Northwest Passage

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By Gary Lee
Washington Post Staff Writer
Sunday, February 8, 2004

Across the regal blue waters of the Columbia River Gorge, Beacon Rock soared skyward. As our paddle-wheel boat chugged along, a few passengers clambered to the top deck for a closer look at the 848-foot monolith. Two days later we gathered again, in a soft drizzle, as our boat surged with the waves of the river through a sweep of bays to the edge of the ocean. The following morning we traipsed through log cabins at nearby Fort Clatsop, a re-creation of a 19th-century encampment surrounded by tall Oregon pines.

Each scene captured the allure of the Pacific Northwest from a different angle. But for us, they were also landmarks in a stirring chapter of America's past. At the end of their 1804-05 expedition from Missouri to the West Coast, explorers Meriwether Lewis and William Clark had canoed along these waters. They had camped beneath that soaring rock (the world's second-highest, after Gibraltar), which they had named. They braved a downpour through the bays at the river's mouth before making their triumphant sighting of the Pacific. The fort was their home for three rain-soaked months as they prepared for the trip back east.

Two hundred years after the launch of Lewis and Clark's mission, as cities from St. Louis to Astoria, Ore., plan bicentennial commemorations, I joined in the hoopla in another way: by taking an eight-day cruise tracing the route the explorers followed from the confluence of the Snake and Columbia rivers to Fort Clatsop. I sailed on the Empress of the North, a 235-passenger stern-wheeler -- a diesel-powered boat with the paddle wheel on the stern -- owned by the American West Steamboat Co. Our trip started in Portland, Ore., chugged eastward on the Columbia to where it meets the Snake, then doubled back to trace the last leg of the explorers' trip. Visits to key historic sites were included, as well as on-board lectures.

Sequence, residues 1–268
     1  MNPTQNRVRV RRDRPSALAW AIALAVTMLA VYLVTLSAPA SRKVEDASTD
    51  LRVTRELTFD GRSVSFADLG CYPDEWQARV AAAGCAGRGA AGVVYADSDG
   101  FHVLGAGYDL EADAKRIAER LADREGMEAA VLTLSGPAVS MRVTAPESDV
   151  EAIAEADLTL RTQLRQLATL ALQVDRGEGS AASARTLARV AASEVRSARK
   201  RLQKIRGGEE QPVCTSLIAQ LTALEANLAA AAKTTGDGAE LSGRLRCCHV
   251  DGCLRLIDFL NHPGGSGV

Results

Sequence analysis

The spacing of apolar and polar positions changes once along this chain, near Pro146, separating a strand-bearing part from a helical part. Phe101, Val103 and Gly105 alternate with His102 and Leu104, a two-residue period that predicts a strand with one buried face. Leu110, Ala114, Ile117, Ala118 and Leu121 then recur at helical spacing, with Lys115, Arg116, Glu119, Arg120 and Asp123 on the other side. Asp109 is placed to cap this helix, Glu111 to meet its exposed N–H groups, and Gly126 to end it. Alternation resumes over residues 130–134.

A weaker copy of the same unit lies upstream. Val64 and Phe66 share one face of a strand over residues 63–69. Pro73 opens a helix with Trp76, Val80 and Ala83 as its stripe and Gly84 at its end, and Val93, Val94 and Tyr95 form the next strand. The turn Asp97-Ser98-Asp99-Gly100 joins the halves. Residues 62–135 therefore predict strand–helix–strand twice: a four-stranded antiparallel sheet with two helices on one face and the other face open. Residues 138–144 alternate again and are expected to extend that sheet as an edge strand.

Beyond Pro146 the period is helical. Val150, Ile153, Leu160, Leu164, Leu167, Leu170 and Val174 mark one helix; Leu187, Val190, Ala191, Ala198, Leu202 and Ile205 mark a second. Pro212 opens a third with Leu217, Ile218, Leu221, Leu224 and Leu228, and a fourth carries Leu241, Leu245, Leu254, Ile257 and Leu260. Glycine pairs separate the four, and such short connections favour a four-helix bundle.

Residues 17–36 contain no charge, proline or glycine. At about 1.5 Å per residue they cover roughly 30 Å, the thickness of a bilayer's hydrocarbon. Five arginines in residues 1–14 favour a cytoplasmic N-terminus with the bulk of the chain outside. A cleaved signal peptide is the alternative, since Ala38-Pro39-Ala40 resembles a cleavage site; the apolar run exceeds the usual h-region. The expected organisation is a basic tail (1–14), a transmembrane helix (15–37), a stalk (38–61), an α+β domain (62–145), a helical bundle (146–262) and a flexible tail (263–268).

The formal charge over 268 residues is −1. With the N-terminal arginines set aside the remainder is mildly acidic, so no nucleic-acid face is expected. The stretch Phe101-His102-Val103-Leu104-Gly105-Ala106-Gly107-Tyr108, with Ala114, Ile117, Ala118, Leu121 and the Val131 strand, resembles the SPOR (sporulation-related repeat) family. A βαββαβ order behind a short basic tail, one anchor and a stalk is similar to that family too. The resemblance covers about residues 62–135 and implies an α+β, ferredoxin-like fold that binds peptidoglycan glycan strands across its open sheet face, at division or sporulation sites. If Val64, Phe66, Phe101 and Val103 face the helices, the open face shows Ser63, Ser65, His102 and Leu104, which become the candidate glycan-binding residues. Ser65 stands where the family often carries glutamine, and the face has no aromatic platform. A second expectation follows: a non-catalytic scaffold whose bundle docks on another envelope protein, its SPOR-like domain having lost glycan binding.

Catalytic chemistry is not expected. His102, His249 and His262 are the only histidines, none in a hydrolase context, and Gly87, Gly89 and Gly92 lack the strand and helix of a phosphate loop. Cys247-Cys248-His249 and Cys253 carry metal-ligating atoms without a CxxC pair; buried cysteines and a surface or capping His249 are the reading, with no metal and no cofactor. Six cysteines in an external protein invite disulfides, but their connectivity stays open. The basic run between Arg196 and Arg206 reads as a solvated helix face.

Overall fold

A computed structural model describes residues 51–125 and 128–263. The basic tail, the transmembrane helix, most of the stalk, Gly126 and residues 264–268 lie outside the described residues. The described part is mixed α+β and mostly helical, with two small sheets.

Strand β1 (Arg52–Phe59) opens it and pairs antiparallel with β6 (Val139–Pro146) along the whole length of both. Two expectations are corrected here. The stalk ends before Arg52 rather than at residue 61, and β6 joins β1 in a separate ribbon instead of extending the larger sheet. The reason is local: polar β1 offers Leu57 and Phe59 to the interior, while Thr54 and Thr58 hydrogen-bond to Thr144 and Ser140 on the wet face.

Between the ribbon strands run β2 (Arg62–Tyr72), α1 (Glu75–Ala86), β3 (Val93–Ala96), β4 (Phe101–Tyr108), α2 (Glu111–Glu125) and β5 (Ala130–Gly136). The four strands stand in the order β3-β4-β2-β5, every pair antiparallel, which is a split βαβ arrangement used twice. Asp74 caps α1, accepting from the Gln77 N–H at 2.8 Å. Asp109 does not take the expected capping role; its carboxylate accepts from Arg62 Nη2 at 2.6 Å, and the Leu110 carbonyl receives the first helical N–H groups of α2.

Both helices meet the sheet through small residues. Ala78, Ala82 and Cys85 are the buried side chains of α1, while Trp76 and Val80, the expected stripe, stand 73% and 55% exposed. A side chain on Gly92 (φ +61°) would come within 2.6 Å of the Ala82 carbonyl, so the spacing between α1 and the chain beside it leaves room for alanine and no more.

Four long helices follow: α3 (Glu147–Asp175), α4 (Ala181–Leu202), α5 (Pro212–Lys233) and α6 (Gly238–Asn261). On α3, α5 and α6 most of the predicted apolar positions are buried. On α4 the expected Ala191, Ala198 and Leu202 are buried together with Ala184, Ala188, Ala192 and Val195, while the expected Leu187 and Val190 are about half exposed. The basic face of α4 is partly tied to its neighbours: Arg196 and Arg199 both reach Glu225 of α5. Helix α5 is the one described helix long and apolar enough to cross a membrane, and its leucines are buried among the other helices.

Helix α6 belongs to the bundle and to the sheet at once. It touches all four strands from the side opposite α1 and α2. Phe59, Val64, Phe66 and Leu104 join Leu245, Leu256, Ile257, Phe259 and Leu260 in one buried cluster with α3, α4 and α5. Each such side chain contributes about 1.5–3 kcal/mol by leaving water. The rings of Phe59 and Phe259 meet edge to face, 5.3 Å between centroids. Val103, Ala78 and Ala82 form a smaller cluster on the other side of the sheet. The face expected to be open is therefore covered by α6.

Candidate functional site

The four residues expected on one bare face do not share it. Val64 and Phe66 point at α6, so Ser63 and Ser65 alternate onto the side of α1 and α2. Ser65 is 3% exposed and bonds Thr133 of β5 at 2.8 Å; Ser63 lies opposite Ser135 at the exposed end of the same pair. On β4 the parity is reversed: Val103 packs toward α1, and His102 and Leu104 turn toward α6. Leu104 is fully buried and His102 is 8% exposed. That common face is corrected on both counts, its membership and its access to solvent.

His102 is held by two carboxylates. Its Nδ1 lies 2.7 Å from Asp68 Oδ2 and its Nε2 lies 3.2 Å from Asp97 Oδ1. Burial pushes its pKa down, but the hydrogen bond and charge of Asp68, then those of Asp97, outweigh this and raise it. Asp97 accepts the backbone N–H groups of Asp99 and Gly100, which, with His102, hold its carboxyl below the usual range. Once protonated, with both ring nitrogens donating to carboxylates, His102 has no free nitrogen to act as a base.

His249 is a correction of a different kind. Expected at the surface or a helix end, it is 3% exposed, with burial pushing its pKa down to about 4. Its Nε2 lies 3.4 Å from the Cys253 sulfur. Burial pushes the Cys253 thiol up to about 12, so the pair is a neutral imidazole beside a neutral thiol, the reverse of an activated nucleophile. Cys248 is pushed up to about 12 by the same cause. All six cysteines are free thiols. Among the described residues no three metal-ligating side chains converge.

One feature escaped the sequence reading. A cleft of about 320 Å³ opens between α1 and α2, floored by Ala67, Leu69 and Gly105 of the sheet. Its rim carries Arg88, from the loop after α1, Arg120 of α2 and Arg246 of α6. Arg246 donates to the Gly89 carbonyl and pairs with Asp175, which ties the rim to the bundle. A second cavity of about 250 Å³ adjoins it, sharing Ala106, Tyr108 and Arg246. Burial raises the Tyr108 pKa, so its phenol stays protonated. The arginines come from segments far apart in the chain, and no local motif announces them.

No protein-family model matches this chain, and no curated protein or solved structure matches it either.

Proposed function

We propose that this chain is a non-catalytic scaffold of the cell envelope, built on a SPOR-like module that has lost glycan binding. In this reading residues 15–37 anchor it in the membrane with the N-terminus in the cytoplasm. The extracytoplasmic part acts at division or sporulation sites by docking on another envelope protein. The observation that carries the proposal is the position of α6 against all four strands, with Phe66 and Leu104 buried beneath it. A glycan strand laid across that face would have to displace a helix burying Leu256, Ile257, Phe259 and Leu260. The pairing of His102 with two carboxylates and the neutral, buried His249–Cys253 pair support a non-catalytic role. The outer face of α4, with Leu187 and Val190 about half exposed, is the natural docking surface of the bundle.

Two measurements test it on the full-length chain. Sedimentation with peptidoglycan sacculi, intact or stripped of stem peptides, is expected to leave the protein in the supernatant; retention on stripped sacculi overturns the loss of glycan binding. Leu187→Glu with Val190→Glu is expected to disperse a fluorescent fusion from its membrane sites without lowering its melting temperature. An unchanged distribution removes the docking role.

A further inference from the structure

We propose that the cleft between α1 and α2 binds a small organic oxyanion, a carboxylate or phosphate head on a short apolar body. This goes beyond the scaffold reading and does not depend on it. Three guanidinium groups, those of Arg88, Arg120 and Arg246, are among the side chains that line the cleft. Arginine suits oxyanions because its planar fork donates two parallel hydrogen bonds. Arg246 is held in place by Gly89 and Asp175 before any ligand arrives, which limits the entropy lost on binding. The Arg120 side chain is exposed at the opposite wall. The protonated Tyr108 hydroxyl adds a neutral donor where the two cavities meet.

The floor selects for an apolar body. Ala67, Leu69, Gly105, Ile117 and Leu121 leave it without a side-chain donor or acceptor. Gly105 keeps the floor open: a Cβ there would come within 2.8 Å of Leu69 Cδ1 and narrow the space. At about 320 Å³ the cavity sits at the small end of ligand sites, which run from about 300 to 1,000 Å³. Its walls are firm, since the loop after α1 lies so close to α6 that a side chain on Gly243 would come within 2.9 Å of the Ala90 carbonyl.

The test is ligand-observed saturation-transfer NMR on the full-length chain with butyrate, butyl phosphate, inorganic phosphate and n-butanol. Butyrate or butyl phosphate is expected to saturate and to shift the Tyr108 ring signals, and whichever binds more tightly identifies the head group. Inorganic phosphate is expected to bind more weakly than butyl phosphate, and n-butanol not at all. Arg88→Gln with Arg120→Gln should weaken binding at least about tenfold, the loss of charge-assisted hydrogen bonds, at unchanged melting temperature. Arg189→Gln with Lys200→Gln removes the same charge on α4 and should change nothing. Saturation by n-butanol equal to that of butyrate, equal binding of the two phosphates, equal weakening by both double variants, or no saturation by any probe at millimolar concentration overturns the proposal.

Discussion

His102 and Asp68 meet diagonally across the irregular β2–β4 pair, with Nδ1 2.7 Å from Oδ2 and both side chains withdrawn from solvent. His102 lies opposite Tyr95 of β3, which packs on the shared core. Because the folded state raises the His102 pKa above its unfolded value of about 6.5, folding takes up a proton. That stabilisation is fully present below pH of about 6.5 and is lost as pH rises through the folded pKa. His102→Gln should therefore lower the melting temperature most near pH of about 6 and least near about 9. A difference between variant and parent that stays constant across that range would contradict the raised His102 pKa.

Riverboat trips like this, which allow travelers access to lesser-known parts of the American heartland, are becoming increasingly popular, according to travel specialists. Voyages from New Orleans to Memphis on the Mississippi, as well as jaunts on the Great Lakes, are particularly big draws.

For me, the prospect of learning about a key chapter in America's past and seeing some spectacular scenery made a voyage on the Columbia too attractive to resist.

Not Roughing It

Like many Americans, I knew only vague details of Lewis and Clark's 3,700-mile trip: that it took more than two years, involved a constant struggle with nature and played a decisive role in the growth of the United States westward. I was curious to learn more. And so one brisk morning last October, there I was, barreling along a highway in a motorcoach as the Cascade mountains in Washington state rose on either side. A copy of "Undaunted Courage," historian Stephen E. Ambrose's account of the Lewis and Clark mission, was in my backpack.